Mad Hatters' Review Issue 10, Fall 2008
 

A Cure for SuicideA CURE FOR SUICIDE
by Larissa Shmailo
Cervena Barva Press 2008

Reviewed by Cheryl Townsend

 

 

How can you not like a book that opens with the “Vow” that

We will love like dogwood.
Kiss like cranes.
Die like moths.
I promise.

and sensually segues thereafter? As if making good on that very opening vow, Shmailo follows up with “My First Hurricane”:

Like a dead leaf
Lifted from the scorched summer earth
Now wet and almost green

Are these the “little suicides” that Anais Nin wrote of? Little turbulences …

... in the eye of the storm
Dizzy, motionless,
Suspended in the humid air
Waiting.

Ahh, and then that vortex one simply enjoys swirling into. And giving credit where due, she finishes, “I have known tempests, squalls, and gentle rain./You are my first hurricane.” Now, what guy wouldn’t like to be him? (Or woman, for that matter!)

In the shamanistic poem “How to Meet and Dance with Your Death / (Como encuentrar y bailar con su muerte): A Cure for Suicide” a Brazilian Curandera prescribes:

2 gallons of pulque (fermented Mayan beverage), or if available, gin
1 case of tequila
several cases of beer
1 bottle of Mescal
2 ounces of good marijuana
a carton of cigarettes
three large peyotes
coffee as needed

Are these the instructions given to Jim Morrison? Could he have had his own Curandera guiding him? There is a lot of dancing, music, two men “but they must not be your lover,” and massive imbibing. The poem made me dizzy, but it was a dizzy I’d ride again. Then there is further warning in “Dancing with the Devil” that “They say that if you flirt with death/You’re going to get a date.”

These poems have a strong sensual spirituality to them, steeping & seething. Hearty. I love the playful way she has with expression, so visual, as in “Skin” where she whispers...

My tongue is bruised
My nude is creaky

Or at least I read it as a whisper, impetuously dank in a lover’s ear...

Take me
Know
The fast love of my hair.

As if she is resting on her laurels, somewhat reflective of an active past - some regrets, some animosities, some remnant yearning, she gives us “Bloom”

All ways are fettered
Fellated and fucked
No bird’s no damn good
until it’s been plucked.
A man? Amen. This is Easter:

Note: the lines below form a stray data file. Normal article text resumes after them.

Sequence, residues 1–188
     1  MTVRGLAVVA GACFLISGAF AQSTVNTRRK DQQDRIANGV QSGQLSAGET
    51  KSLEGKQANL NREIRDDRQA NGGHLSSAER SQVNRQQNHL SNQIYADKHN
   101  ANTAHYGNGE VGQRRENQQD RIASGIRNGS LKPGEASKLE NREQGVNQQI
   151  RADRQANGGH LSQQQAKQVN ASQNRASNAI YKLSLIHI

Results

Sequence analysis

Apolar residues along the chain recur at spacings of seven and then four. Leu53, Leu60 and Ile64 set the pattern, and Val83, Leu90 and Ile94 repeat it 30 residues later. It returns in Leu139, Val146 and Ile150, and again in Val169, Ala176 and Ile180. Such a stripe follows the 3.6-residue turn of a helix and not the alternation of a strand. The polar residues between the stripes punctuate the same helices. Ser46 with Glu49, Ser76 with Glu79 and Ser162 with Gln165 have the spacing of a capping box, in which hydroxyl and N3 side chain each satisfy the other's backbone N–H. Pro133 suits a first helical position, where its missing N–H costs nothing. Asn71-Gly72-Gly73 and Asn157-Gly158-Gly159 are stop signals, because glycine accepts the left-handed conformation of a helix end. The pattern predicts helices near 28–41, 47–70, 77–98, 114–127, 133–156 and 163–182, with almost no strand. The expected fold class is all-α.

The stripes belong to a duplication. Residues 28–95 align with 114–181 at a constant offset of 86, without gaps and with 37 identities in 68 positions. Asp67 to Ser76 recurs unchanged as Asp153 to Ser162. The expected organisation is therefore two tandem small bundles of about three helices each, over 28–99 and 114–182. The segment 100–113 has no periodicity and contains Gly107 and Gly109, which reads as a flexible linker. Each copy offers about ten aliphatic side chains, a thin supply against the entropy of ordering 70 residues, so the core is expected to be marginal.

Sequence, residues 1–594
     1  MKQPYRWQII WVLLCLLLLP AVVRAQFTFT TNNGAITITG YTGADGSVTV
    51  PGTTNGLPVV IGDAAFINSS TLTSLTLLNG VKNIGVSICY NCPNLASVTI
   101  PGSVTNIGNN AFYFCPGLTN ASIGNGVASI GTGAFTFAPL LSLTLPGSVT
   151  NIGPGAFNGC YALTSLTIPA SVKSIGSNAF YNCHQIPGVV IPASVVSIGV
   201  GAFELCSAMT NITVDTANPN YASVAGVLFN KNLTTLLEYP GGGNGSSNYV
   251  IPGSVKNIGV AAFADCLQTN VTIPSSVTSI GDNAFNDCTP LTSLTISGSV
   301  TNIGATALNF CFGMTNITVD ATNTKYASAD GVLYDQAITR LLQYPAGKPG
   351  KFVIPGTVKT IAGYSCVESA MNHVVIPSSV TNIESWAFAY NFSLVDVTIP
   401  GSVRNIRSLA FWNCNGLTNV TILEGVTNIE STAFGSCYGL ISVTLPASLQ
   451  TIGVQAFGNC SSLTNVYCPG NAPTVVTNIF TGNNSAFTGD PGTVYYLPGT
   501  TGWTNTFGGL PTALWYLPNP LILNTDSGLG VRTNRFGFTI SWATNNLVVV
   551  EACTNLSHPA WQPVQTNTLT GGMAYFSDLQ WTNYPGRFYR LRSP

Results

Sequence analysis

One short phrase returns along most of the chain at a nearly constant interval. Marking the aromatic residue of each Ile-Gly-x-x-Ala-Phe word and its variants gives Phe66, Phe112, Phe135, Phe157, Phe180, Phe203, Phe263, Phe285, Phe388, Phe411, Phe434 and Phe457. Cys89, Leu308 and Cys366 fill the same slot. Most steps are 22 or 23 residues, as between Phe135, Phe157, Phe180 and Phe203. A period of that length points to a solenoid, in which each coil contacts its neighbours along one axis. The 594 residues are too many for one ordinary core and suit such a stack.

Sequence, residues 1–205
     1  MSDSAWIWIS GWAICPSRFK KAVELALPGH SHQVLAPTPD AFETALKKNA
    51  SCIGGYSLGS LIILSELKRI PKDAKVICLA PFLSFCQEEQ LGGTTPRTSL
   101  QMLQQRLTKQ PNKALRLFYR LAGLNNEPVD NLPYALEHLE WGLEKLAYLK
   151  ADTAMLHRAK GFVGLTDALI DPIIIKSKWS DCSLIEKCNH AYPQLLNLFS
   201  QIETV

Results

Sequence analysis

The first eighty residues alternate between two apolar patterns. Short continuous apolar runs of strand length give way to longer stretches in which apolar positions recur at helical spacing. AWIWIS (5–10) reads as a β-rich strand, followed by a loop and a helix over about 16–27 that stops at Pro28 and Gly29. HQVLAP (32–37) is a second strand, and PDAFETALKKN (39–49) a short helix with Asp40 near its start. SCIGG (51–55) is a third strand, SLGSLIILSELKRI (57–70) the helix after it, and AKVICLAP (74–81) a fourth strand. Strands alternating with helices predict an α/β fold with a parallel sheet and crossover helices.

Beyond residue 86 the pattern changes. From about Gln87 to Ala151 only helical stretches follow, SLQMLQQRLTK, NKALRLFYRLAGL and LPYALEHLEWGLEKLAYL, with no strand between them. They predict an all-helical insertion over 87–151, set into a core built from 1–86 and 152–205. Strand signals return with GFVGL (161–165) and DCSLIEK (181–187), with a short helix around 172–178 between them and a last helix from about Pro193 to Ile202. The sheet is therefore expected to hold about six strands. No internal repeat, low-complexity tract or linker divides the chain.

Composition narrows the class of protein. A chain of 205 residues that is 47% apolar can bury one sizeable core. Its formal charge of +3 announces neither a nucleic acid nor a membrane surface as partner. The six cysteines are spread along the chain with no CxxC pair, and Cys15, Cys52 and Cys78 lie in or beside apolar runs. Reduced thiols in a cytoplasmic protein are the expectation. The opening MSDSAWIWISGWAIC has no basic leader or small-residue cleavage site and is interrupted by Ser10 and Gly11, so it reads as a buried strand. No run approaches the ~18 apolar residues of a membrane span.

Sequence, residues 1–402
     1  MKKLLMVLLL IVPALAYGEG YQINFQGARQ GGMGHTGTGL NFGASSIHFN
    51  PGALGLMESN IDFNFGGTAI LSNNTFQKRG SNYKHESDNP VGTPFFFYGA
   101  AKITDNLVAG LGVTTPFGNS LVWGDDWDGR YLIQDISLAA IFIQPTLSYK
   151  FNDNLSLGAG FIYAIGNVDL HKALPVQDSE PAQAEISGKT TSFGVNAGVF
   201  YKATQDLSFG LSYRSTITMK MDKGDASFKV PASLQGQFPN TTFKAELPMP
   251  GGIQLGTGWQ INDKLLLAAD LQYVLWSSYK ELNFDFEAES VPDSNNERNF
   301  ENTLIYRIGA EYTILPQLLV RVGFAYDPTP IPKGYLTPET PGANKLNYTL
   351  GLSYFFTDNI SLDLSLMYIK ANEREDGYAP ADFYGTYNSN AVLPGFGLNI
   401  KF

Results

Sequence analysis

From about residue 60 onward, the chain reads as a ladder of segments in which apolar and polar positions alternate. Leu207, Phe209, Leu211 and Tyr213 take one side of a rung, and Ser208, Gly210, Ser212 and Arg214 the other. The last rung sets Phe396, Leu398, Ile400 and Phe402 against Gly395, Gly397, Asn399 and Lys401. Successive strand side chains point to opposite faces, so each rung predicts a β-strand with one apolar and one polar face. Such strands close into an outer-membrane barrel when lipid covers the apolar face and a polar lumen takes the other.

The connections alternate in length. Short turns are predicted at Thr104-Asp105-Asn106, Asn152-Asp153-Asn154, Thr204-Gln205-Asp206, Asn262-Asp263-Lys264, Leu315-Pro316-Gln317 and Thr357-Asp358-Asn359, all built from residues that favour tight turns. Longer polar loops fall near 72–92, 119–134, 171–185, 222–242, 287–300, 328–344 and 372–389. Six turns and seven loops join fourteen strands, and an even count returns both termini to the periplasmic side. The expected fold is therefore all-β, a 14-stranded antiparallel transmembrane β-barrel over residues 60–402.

Rest that piece.

The 2nd to last piece, “Exorcism (Found Poem)” seems out of place, dealing with the massacre of civilians in My Lai Vietnam in ‘68 by the “tired, poorly trained, and hastily assembled” soldiers of “Charlie Company Task Force Barker.” I thought the final poem, “New Life 1-3 (Magpie Translations from Joseph Brodsky) should have preempted “Exorcism.” It would have been a better segue. But better still, to have left both those poems out and end with “Bloom,” as they served only to distract me from the sexual melancholy the previous poems had left me with.

Still, this is a marvelous pen flowing and I would welcome the opportunity to read more of her work. She inspires me.

Larissa Shmailo
Larissa Shmailo has been or will shortly be published in Barrow Street, Fulcrum, About: Poetry, Rattapallax, Big Bridge, Drunken Boat, We (Naropa), Lungfull!, American Translator’s Slavfile, and many other publications. Larissa has received “Critic’s Picks” notices for her readings and radio appearances from the New York Times, Village Voice, Maud Newton, and Time Out magazine. Her CDs, The No-Net World and Exorcism, are frequently heard on radio and Internet broadcasts. Her chapbook, A Cure for Suicide (Cervena Barva Press) has received glowing reviews (see below). Larissa is proud to be a director of TWiN Poetry, an informal collective spoken word artists, poets, and poetry lovers. Larissa translated the Russian Futurist opera Victory over the Sun which was performed at the first Next Wave Festival at the Brooklyn Academy of Music and internationally; a DVD of the original English-language production is part of the collection of the New York Museum of Modern Art. She recently contributed translations to the anthology Contemporary Russian Poetry published by Dalkey Archive Press.

Related Links:
The Lost Bookshelf
The No-Net World
Exorcism on iTunes

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